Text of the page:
referred to as "Shelha". http: www.rosettaproject.org live search showpages?ethnocode ZEN&doctype detail&version 0&scale six **Tahaggart Tuareg (Tuareg languages) of Ghat (Ghat, Libya): 17,000 (Johnstone 1993). *'''Egypt''': The oasis of Siwa (Siwa Oasis) near the Libyan border speaks a Berber language; according to the Ethnologue, there are 5,000 speakers there (1995). Its population in 1907 was 3884 (according to the 1911 '' Encyclopædia


previous episode

الإسرائيليين وهذه المناطق في الواحة المصرية" (ie: "the third reason is that some people of Siwa protested about a previous episode because one of the guests spoke of a strong relationship between Israelis and these parts of the Egyptian oases" The File: The Egyptian Oasis of Siwa: Hidden Heritage, Al Jazeera, 5 November 2010 the program's host produced an episode about the history and Berber heritage


quot field

settled since at least the 10th millennium BC, the earliest evidence of connection with ancient Egypt is the 26th Dynasty (Twenty-sixth dynasty of Egypt), when a necropolis was established. During the Ptolemaid period of Egypt its ancient Egyptian (Egyptian language) name was ''sḫ.t-ỉm3w,'' "Field of Trees". Wörterbuch der ägyptischen Sprache, ed. Adolf Erman, Hermann Grapow. Vol. IV, p.230; Vol. VI, p.141 Greek (Ancient Greece) settlers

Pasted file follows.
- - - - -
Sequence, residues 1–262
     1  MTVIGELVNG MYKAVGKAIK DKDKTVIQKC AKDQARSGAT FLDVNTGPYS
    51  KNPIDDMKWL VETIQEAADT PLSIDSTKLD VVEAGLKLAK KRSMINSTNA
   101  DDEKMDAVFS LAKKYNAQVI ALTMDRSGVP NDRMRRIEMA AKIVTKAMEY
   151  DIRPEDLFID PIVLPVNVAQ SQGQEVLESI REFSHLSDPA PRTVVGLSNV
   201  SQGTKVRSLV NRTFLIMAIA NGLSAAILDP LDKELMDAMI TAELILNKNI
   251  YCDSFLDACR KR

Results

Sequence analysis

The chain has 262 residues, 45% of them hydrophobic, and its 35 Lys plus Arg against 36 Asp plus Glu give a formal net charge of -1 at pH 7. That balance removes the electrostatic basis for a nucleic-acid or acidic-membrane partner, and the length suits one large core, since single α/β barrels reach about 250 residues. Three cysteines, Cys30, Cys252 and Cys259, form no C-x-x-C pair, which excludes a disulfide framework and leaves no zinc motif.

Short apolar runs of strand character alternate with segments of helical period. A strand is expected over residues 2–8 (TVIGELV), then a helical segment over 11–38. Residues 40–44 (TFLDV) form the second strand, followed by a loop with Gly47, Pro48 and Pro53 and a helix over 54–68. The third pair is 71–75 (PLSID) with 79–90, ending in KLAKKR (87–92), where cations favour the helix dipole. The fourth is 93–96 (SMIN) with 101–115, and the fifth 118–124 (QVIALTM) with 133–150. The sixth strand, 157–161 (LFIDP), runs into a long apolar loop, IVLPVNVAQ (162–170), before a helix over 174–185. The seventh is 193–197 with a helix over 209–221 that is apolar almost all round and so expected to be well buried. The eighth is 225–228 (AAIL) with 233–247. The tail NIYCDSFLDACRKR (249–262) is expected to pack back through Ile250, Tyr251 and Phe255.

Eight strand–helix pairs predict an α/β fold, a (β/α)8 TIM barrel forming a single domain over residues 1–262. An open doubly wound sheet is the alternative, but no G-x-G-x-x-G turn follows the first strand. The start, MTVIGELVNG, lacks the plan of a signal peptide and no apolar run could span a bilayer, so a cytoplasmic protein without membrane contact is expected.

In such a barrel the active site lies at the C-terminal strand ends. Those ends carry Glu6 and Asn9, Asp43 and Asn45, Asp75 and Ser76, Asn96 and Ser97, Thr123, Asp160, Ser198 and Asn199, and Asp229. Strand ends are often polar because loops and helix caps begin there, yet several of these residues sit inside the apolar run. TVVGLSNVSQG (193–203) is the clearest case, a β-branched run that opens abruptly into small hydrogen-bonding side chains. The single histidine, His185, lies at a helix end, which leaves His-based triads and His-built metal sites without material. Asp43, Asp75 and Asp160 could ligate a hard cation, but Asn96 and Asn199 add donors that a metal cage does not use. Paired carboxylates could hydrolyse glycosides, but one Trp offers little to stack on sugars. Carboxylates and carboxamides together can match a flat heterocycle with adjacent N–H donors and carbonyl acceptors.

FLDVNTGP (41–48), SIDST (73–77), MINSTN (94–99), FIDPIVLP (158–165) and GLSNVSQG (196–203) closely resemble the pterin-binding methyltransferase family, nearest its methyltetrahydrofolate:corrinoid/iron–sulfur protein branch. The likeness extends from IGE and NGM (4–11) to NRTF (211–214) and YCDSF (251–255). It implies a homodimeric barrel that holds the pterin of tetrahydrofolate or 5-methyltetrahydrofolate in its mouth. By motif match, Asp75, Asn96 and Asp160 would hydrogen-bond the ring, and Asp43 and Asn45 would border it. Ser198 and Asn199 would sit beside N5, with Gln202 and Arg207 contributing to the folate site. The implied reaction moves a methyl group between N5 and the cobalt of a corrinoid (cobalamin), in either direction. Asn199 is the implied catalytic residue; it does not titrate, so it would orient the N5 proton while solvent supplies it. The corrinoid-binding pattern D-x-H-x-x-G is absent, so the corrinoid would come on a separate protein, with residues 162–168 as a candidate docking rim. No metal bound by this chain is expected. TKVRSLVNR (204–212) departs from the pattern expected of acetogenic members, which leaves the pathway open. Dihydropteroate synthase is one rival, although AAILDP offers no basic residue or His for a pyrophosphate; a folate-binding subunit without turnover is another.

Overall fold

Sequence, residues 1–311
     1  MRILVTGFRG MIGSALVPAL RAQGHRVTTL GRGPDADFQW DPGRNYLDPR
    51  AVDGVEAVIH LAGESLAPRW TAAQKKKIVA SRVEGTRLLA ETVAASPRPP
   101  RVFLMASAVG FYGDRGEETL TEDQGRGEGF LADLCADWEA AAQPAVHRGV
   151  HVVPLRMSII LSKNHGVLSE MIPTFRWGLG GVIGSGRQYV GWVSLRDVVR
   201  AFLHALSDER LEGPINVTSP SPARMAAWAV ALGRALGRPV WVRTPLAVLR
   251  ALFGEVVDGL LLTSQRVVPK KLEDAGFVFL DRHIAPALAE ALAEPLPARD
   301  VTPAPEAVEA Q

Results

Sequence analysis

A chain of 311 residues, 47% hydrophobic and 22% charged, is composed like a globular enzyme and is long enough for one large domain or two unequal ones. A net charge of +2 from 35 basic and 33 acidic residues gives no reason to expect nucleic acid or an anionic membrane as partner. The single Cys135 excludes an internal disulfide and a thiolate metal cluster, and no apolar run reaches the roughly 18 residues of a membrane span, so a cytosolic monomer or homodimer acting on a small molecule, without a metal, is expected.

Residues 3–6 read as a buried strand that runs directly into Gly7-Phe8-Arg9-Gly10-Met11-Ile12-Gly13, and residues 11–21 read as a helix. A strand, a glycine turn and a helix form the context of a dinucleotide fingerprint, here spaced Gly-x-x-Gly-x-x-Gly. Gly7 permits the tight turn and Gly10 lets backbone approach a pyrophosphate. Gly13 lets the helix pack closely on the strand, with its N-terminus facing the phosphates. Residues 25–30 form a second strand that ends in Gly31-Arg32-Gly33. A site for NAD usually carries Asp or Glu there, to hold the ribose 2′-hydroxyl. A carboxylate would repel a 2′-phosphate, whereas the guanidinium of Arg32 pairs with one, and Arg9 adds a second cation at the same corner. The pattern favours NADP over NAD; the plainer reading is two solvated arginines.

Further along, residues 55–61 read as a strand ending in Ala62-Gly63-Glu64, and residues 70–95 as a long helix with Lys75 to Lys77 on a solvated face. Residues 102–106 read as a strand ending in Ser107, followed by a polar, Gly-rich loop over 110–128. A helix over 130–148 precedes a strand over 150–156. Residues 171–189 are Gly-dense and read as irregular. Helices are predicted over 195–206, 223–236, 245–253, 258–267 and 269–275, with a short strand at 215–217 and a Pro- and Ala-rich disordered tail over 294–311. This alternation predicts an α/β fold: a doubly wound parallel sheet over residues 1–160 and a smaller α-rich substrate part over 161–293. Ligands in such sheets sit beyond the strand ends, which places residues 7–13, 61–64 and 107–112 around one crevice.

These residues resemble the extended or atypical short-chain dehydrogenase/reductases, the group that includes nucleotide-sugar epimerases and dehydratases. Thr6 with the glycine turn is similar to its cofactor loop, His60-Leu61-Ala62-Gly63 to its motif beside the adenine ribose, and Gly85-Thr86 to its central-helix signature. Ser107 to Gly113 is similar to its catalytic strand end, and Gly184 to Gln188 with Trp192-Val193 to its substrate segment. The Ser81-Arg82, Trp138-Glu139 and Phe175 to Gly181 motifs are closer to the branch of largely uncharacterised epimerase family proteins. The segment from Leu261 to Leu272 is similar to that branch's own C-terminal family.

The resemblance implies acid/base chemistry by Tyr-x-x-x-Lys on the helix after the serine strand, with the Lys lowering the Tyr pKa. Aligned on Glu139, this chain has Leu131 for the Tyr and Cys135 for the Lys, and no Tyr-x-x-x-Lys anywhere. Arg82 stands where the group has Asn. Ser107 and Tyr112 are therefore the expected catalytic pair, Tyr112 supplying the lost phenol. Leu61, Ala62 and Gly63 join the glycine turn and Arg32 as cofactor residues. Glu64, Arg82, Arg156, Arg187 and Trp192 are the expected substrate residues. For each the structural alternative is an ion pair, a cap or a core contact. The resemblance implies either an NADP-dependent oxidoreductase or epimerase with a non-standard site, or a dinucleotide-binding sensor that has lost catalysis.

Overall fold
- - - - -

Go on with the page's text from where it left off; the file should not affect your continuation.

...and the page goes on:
huge silver

and beads that women wore in abundance to weddings and other ceremonies. Margaret Mary Vale, 2011, Sand and Silver, 71, 79–83. The best known of these pieces are a huge silver disc called ‘adrim’ and a torc, called ‘aghraw’ from which it hung over the breast. A girl would give up the disc at a special ceremony at the Spring the day she was married. The jewellery, which was made by local silversmiths, comprised silver necklaces, earrings, bangles, hair ornaments, pendants

Siwa Oasis

The '''Siwa Oasis''' (Siwi (Siwi language): Isiwan; ) is an oasis in Egypt, between the Qattara Depression and the Egyptian Sand Sea in the Libyan Desert, nearly 50 km (30 mi) east of the Libyan border, and 560 km (348 mi) from Cairo. first last author-link first2 last2 author2-link editor-last editor-first editor2-last editor2-first contribution Siwa contribution-url title Encyclopædia Britannica year 2007 pages place publisher url doi id first last author-link first2 last2 author2-link editor-last Bard editor-first Kathryn A. editor2-last Shubert editor2-first Steven Blake contribution contribution-url title Encyclopedia of the Archaeology of Ancient Egypt year 1999 pages place publisher Routledge (UK) url http: books.google.com ?id XNdgScxtirYC&pg PA738&lpg PA738&dq %22Siwa+Oasis%22 doi id ISBN 0-415-18589-0 isbn 978-0-415-18589-9 first last author-link first2 last2 author2-link editor-last Arnold editor-first Dieter editor2-last Strudwick editor2-first Helen editor3-last Strudwick editor3-first Nigel contribution contribution-url title The Encyclopaedia of Ancient Egyptian Architecture year 2003 pages place publisher I B Tauris url http: books.google.com ?id XIns9M_9DcgC&pg RA1-PA223&lpg RA1-PA223&dq %22Siwa+Oasis%22 doi id ISBN 1-86064-465-1 isbn 978-1-86064-465-8